Suit For Eviction Maintainable Before Wakf Tribunal If Tenant Claims That Property Is Not Wakf Property: Supreme Court
The Supreme Court in the case of Telangana State Wakf Board & Anr. v. Mohamed Muzafar has held that a suit for eviction is maintainable before the Wakf Tribunal if the tenant has a case that the property in issue is not Wakf's.
The appellant Wakf Board and the Mutawalli filed a suit against the respondent seeking eviction from the tenanted premises belonging to the Wakf institution, as also from the encroached property. The respondent contended that the suit property was not a Wakf property and that it stood in the name of his father.
The Wakf Tribunal on considering the relevant facts and evidence placed before it pronounced the judgment in favor of the appellants and held that both the properties in dispute belonged to the Wakf institution and ordered the respondent to vacate the premises.
The aggrieved respondent filed a Revision Petition in the High Court at Hyderabad where the Court allowed the petition of the respondent and set aside the decision of the Wakf Tribunal. The Hyderabad High Court relied on the judgment in the matter of Ramesh Gobindram vs. Sugra Humayun Mirza Wakf (2010) 8 SCC 726 and held that the suit was not maintainable before the Wakf tribunal and permitted both the appellant and respondent to avail their remedy as per law.
The Apex Court observed that when a Revision Petition is filed, the impugned order can be interfered with only "in the event of there being perversity on the face of the order and if the conclusion reached cannot be acceptable to any reasonable person". Apex Court held that the High Court cannot re-appreciate evidence unlike when an appeal is filed. Hence, the High Court could not have lightly interfered with the fact-finding already recorded by the tribunal.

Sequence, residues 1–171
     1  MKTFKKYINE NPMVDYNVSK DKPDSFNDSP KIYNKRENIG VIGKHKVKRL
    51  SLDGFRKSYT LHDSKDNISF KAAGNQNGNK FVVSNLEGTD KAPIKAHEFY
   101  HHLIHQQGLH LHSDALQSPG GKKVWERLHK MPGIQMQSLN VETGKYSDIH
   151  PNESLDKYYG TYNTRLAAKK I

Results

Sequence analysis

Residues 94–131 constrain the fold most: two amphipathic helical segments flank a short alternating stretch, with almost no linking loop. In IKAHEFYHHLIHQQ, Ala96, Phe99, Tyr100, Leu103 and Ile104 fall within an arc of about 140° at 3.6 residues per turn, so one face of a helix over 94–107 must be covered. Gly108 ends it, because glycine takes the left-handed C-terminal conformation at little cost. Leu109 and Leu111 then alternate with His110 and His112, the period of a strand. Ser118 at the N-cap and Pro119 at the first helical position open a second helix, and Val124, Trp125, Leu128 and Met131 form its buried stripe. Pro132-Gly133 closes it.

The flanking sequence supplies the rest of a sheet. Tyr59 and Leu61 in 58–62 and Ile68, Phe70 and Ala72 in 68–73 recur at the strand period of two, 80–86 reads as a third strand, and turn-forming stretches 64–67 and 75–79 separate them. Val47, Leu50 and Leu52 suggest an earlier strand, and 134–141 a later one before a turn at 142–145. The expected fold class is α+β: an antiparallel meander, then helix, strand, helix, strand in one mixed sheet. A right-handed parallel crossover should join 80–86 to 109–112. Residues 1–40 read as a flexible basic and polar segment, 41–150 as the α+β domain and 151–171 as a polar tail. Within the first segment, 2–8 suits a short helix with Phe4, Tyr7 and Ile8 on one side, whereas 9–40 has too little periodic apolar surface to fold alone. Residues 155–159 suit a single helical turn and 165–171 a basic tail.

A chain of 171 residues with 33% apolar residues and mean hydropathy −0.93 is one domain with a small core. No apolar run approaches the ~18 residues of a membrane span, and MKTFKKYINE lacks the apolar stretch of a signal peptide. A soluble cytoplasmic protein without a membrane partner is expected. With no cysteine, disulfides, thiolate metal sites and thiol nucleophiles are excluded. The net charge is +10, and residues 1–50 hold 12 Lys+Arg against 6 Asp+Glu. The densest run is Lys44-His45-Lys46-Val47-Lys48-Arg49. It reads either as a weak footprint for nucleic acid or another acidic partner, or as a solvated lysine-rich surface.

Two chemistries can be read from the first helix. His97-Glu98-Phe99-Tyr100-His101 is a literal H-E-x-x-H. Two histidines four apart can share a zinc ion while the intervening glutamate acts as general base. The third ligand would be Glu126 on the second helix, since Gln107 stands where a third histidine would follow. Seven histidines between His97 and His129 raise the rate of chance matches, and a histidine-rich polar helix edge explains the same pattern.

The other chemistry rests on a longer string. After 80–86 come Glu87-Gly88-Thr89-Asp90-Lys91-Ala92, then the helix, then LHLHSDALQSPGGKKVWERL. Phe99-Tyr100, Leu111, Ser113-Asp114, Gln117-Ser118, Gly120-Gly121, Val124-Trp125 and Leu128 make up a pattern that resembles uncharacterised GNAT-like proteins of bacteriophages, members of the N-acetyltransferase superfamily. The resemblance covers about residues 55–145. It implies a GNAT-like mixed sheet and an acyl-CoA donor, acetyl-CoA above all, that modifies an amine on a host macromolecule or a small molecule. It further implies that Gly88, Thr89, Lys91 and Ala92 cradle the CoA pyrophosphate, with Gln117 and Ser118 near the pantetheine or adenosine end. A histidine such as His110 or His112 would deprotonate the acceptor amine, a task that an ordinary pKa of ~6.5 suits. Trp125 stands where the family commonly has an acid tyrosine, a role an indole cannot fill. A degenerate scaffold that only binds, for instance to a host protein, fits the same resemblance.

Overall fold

Justice Hemant Gupta and Justice A.S. Bopanna opined that where the tenant has contended that the property is not a Wakf's property, the eviction suit is maintainable before the Wakf Tribunal, thus setting aside the decision of the High Court and restoring the judgment passed by the Wakf tribunal."We notice that the evidence available on record has been analysed in its correct perspective and an appropriate conclusion has been reached by the Wakf tribunal."
The Court concluded by giving the respondent three months time to vacate the disputed properties including for the payment of rent, arrears and allowed the appeal.